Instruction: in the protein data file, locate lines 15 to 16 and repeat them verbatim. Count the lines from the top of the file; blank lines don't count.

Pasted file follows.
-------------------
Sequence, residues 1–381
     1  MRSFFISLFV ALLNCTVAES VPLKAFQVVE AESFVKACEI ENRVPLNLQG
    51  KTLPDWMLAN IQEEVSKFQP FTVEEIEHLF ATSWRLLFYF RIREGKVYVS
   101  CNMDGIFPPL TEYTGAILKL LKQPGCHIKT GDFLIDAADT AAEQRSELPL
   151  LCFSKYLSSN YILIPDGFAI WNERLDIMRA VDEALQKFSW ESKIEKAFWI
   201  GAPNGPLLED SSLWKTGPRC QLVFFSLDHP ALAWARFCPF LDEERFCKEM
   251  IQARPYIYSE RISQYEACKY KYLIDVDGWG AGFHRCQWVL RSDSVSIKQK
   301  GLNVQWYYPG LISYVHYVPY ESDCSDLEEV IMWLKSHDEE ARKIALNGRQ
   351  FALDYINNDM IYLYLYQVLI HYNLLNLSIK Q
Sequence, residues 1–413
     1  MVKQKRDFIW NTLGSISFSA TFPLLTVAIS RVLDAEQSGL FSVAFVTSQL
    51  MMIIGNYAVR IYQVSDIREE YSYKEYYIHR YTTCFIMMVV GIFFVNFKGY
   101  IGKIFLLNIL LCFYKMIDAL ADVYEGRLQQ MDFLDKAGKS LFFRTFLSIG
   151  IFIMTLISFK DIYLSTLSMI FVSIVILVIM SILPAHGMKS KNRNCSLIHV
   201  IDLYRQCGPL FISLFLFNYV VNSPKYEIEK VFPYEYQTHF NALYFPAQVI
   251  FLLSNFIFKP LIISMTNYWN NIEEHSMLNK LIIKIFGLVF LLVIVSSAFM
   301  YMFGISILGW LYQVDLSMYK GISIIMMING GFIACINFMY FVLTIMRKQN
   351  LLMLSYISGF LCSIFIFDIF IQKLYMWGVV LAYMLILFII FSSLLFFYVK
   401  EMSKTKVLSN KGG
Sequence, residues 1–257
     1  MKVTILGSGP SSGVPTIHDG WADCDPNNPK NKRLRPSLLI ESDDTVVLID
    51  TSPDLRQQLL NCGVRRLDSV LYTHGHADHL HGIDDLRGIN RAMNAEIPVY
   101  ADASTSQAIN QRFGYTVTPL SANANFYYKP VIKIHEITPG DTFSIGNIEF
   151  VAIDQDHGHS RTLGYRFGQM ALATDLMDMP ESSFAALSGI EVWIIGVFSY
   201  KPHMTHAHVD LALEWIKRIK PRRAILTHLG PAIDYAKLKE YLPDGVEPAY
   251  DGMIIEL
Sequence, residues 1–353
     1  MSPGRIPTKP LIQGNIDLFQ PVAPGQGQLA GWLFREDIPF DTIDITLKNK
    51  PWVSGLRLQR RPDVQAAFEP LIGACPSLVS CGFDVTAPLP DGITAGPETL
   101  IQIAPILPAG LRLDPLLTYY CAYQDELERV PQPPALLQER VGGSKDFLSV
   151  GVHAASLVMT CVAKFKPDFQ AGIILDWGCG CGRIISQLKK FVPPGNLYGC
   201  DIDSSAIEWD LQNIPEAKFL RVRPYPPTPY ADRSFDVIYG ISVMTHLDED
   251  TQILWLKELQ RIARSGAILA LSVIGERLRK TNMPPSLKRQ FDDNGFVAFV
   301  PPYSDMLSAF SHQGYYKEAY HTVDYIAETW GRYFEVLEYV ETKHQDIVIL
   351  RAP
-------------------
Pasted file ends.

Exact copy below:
   201  IDLYRQCGPL FISLFLFNYV VNSPKYEIEK VFPYEYQTHF NALYFPAQVI
   251  FLLSNFIFKP LIISMTNYWN NIEEHSMLNK LIIKIFGLVF LLVIVSSAFM